Teachers, district reach tentative agreement on class sizes and calendar

Teachers, district reach tentative agreement on class sizes and calendar

Michele Ellson

Alameda school district officials and the union representing the district’s teachers have reached a tentative accord on class sizes and on a calendar for the 2012-2013 school year, Superintendent Kirsten Vital announced Tuesday night, potentially heading off a threatened strike over class sizes. The deal heads to teachers for a vote Wednesday and on Thursday, students’ final day of school this year.

Vital said the union had agreed to accept a proposed calendar that its leadership had previously accepted in principle, which is posted at the district’s website. Under the tentative calendar, school would begin on August 27.

District officials and Alameda Education Association leadership had been engaged in a fact-finding process intended to fuel further negotiations on class sizes; a report from the fact-finding hearing held in late May has been issued and will be released publicly on Monday. Union leadership has said they could strike over class sizes if the school board opts to permanently impose larger class sizes in some grades. District officials had declared an impasse in negotiations in November.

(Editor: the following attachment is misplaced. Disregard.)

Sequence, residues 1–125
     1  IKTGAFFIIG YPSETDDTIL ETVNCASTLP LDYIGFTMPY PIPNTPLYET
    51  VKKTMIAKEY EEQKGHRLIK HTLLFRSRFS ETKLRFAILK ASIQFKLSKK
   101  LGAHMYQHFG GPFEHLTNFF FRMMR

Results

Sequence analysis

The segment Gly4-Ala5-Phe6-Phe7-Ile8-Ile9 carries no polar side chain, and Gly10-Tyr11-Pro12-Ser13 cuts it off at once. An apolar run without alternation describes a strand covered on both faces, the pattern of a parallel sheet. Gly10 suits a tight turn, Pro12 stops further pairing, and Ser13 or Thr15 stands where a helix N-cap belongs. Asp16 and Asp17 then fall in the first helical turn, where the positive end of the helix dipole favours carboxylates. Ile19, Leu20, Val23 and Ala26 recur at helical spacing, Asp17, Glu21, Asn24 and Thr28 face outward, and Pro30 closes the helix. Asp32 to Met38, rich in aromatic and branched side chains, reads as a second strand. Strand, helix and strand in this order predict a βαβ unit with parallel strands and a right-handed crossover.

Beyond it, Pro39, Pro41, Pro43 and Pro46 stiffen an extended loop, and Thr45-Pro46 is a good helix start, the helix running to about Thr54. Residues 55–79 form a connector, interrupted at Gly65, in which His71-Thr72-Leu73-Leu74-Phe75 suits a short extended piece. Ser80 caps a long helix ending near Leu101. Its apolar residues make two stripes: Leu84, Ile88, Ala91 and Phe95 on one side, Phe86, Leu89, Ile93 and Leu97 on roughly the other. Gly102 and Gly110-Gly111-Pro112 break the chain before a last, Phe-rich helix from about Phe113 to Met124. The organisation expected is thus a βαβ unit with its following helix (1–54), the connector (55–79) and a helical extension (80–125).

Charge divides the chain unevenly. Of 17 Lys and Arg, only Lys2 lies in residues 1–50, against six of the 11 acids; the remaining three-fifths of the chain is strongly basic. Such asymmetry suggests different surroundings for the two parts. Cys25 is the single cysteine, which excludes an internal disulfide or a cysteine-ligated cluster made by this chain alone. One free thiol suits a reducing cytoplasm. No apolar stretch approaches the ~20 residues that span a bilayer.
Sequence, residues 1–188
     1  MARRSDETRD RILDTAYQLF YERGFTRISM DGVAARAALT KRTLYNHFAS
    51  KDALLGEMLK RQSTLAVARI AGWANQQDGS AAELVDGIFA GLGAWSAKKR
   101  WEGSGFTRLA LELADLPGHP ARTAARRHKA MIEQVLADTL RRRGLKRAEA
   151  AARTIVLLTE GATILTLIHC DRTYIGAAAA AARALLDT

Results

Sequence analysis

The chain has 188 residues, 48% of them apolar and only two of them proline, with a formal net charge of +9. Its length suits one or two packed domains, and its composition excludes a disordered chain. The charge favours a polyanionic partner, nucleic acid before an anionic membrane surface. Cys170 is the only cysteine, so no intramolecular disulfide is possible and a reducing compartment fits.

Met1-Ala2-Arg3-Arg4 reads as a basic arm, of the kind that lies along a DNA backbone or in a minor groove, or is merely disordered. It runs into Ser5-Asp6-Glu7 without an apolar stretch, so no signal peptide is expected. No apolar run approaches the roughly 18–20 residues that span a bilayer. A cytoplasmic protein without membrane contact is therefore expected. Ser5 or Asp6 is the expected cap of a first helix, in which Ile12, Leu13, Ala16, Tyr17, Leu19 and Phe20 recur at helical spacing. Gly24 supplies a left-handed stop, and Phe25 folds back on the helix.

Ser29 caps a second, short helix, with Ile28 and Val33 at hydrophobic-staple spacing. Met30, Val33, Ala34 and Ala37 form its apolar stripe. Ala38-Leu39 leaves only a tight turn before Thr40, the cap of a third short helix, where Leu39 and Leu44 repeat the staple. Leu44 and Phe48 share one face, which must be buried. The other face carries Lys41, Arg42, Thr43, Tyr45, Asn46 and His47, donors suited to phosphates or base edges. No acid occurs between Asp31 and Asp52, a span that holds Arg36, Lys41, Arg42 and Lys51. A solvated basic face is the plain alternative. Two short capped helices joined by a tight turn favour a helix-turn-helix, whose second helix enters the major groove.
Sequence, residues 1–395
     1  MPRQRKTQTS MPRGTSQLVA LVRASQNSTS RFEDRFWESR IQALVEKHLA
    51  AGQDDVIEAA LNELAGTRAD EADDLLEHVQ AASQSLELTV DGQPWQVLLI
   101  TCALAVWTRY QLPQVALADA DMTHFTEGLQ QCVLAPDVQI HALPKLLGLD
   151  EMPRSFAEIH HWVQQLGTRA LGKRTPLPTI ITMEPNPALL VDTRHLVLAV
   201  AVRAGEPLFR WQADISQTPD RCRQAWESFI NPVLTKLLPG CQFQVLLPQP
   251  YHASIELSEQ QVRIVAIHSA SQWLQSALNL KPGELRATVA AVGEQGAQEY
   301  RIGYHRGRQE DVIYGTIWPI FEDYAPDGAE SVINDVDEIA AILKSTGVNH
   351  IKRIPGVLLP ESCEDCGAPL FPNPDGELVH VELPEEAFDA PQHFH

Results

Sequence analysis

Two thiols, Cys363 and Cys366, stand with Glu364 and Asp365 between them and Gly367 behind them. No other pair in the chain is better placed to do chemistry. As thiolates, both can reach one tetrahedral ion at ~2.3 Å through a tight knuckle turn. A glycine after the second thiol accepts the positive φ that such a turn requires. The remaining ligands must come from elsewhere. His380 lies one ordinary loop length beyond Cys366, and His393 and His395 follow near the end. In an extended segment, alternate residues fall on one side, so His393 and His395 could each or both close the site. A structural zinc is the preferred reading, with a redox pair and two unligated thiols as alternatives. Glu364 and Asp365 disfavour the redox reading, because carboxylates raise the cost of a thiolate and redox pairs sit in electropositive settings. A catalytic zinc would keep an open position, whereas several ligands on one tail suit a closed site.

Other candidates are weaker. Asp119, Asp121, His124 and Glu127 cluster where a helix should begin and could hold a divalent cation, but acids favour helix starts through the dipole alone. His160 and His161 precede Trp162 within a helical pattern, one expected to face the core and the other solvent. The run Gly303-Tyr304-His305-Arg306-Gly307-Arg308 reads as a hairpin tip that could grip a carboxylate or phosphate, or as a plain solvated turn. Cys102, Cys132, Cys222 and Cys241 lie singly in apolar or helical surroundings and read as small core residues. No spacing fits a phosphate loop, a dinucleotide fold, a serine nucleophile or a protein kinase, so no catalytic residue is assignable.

Neither Vital nor Alameda Education Association President Gray Harris offered additional details on the tentative deal, though Harris said that it is separate from negotiations over a new, three-year contract. The union had previously reached a tentative contract accord with the district, though teachers voted that agreement down.

Class sizes in kindergarten through third grades and ninth grade were raised temporarily in 2009, but the agreement teachers signed allowing the larger class sizes is due to expire at the end of June.

District officials have sought to keep classes at or near current maximums – 25 students per teacher, up from 20, in K-3 and 35 students per teacher, up from 20, in grade 9 – saying they fear the state will stop funding its class size reduction program and that they won’t have the money to maintain it.